Column – How Isle of Wight almost became a city

Published 5:43 pm Tuesday, September 27, 2022

For just under a half century, I was privileged to cover Isle of Wight and Surry counties, trying to capture for readers numerous events that affected our communities. Major advances in agriculture, droughts that destroyed crops, the mixed blessing of residential growth and the challenges that come with it, huge changes in the direction of industry, efforts to clean up polluted waterways — these and many more have shaped our corner of the commonwealth.

During those decades, no story had a greater impact, or took longer to play out, than the battle between Isle of Wight and the city of Franklin over the future of the tax-rich property occupied by the giant Union Camp paper mill.

The underlying issue was based on the structure of Virginia local government. Most states have cities and counties that overlap. The city and county play different roles and both collect taxes to pay for the services they provide. Virginia cities, however, are independent of the counties adjoining them, and historically, cities have been legally entitled to annex slices of land from neighboring counties. Once annexed, a section formerly in a county becomes irrevocably part of the city that took it, and all future taxes collected go to the city.

Subscribe to our free email newsletter

Get the latest news sent to your inbox

Using that legal structure, the city of Franklin sued Isle of Wight in 1970 to annex the industrial tract that, including Camp, was then producing 25% of all local taxes collected by Isle of Wight County. A portion of Southampton County was also targeted.

A three-judge Circuit Court panel dismissed the suit, and that decision carried with it a five-year moratorium that prevented Franklin from making another run at the county’s territory.

Isle of Wight didn’t wait for the next legal shoe to fall before it began looking at ways to make the papermill territory annexation-proof. It hired a consulting firm to look at alternatives and in time created a study commission of county residents to make a recommendation.

There weren’t many options available. Given the state’s winner-take-all annexation rules, the only sure way to inoculate a county against annexation by a neighbor was to create another city. The tiny city of Virginia Beach had merged with Princess Anne County in 1963 to form the current city of Virginia Beach. Chesapeake was also created in 1963 when Norfolk County and South Norfolk merged. Then, in 1974, Nansemond County merged with the small city of Suffolk to create present-day Suffolk.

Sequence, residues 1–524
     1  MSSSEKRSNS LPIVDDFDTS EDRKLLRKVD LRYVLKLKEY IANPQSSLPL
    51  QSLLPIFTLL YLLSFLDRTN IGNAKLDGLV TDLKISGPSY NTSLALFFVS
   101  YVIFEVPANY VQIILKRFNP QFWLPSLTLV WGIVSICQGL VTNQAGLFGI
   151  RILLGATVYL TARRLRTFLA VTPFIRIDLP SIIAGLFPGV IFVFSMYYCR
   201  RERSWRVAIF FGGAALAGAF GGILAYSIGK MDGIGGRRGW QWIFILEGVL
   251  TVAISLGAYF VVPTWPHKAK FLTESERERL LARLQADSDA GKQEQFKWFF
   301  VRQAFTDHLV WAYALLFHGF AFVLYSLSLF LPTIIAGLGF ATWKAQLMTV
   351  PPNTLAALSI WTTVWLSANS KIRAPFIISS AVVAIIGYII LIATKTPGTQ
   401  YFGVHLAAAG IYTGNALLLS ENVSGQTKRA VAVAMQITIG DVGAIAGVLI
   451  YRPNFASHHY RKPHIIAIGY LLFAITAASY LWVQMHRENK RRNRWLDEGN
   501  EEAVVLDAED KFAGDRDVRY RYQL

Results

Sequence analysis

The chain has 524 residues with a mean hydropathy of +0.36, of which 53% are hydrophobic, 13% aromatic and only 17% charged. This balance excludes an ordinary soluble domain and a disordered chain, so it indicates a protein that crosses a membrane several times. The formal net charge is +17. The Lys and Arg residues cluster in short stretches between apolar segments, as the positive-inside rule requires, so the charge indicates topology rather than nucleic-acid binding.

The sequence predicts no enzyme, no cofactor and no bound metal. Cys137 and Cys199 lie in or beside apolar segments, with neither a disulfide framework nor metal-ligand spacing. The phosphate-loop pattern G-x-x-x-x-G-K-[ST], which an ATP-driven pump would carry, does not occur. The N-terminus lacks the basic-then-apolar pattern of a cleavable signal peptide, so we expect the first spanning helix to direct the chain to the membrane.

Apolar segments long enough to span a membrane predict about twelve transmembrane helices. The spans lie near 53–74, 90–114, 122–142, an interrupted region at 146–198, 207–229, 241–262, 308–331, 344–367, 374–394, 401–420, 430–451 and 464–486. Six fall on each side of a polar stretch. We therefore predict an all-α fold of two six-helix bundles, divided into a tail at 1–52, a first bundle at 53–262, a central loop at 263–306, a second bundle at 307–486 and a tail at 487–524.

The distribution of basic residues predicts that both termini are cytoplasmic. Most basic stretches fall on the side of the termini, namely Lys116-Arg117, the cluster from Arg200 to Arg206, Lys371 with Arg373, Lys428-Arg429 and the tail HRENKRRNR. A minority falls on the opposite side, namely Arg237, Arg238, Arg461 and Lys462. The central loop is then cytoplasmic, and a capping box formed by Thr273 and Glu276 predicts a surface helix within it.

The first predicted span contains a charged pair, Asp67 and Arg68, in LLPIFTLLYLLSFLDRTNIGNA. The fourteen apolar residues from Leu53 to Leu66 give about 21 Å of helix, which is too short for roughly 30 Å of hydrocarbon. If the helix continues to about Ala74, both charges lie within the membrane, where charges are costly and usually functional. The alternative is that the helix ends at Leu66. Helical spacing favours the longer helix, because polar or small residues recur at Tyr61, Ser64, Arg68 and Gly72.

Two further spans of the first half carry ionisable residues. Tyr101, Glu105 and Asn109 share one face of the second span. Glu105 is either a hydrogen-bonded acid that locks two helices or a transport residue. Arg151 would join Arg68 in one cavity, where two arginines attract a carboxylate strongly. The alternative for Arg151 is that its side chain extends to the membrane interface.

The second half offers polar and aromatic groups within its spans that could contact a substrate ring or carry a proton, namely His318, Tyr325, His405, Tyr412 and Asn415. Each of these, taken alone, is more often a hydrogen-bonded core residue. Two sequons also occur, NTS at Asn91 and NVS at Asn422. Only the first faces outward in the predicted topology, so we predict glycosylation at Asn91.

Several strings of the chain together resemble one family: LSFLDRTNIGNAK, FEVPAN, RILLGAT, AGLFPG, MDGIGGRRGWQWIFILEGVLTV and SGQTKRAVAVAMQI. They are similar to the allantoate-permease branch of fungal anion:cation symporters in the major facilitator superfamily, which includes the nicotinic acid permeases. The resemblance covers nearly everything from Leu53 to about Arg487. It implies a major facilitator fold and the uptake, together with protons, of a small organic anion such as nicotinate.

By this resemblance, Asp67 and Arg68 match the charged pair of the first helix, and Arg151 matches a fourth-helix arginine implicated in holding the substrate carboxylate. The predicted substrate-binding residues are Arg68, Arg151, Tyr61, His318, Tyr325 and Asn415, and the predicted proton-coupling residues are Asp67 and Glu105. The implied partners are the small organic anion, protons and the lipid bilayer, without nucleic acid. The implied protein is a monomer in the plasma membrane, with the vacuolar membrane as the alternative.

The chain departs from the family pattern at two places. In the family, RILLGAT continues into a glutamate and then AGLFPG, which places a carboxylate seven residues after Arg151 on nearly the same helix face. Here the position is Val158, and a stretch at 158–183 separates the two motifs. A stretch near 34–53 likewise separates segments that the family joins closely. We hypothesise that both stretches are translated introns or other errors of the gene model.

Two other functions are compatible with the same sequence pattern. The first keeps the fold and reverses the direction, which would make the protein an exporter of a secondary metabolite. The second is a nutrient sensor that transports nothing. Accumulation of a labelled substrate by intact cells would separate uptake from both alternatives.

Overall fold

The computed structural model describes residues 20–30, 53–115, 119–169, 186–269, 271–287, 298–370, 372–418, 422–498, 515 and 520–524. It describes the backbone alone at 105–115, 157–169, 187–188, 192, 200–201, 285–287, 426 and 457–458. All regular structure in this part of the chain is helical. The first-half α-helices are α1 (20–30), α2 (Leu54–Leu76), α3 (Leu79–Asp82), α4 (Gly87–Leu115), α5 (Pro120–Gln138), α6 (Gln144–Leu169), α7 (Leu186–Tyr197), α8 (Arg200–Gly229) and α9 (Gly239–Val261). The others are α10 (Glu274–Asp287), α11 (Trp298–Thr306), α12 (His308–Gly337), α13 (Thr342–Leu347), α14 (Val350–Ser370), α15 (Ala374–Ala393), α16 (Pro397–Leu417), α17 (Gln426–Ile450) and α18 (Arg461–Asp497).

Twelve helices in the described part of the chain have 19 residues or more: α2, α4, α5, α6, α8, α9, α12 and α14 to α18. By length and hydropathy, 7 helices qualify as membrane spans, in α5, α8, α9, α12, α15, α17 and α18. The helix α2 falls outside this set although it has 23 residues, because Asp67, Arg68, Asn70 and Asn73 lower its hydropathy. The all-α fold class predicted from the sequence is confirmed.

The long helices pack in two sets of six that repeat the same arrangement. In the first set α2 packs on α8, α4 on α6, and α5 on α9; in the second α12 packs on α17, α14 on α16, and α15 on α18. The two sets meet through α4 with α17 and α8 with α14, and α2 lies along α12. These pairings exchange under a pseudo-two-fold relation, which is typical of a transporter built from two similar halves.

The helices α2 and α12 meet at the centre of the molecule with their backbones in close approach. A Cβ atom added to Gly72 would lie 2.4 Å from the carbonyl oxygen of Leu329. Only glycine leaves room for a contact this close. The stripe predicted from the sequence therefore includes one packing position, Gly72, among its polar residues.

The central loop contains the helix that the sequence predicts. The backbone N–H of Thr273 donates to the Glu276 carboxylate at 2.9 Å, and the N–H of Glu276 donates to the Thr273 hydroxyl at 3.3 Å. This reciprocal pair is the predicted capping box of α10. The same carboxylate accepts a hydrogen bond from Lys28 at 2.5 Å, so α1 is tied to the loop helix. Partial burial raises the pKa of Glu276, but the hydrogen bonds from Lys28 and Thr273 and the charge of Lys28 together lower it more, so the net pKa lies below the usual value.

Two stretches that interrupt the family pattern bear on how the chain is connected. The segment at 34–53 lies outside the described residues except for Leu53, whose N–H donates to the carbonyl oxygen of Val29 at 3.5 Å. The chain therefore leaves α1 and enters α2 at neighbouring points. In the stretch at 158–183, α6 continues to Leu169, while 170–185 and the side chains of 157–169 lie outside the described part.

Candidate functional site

Those mergers were designed to prevent Portsmouth and Norfolk from slicing off tax-rich portions of their neighbors’ territory.

In that environment, Isle of Wight began looking seriously at “city status” as the only sure way to protect the tax-rich land at the county’s southern tip. The need to do so was critical. In 1975, Union Camp’s tax payments to Isle of Wight County were four times greater than the combined taxes paid by Smithfield’s two packing plants. Camp’s annual tax payment to Isle of Wight was greater than the combined taxes paid to Suffolk by that city’s 17 largest industries. The paper mill’s value to the county simply could not be overstated.

In the meantime, however, the General Assembly had imposed a moratorium on the creation of new cities and of annexation by existing cities. That moratorium would be extended for decades because the legislators couldn’t come up with a plan to replace the annexation mess that Virginia’s independent city status had created.

Isle of Wight plowed ahead with tentative plans to create a city when the moratorium was lifted, as it was then expected to be. The county made plans for a citizen referendum on the question of “city status” to be held in July 1976. The Virginia attorney general threatened to intervene to block the vote, however, because, in his opinion, a vote could not be held while the moratorium was in place.

The referendum was canceled, the statewide moratorium was extended, and Isle of Wight and Franklin went into something akin to a standoff for several years. Then, in 1981, Franklin hired a law firm specializing in annexation and notified the county it was again coming after the Union Camp property but would be willing to negotiate an alternative. The ground was thus laid for the county and city to talk about sharing tax revenue in exchange for annexation immunity.


Next week: How Isle of Wight came to make annual payments to Franklin.


John Edwards is publisher emeritus of The Smithfield Times. His email address is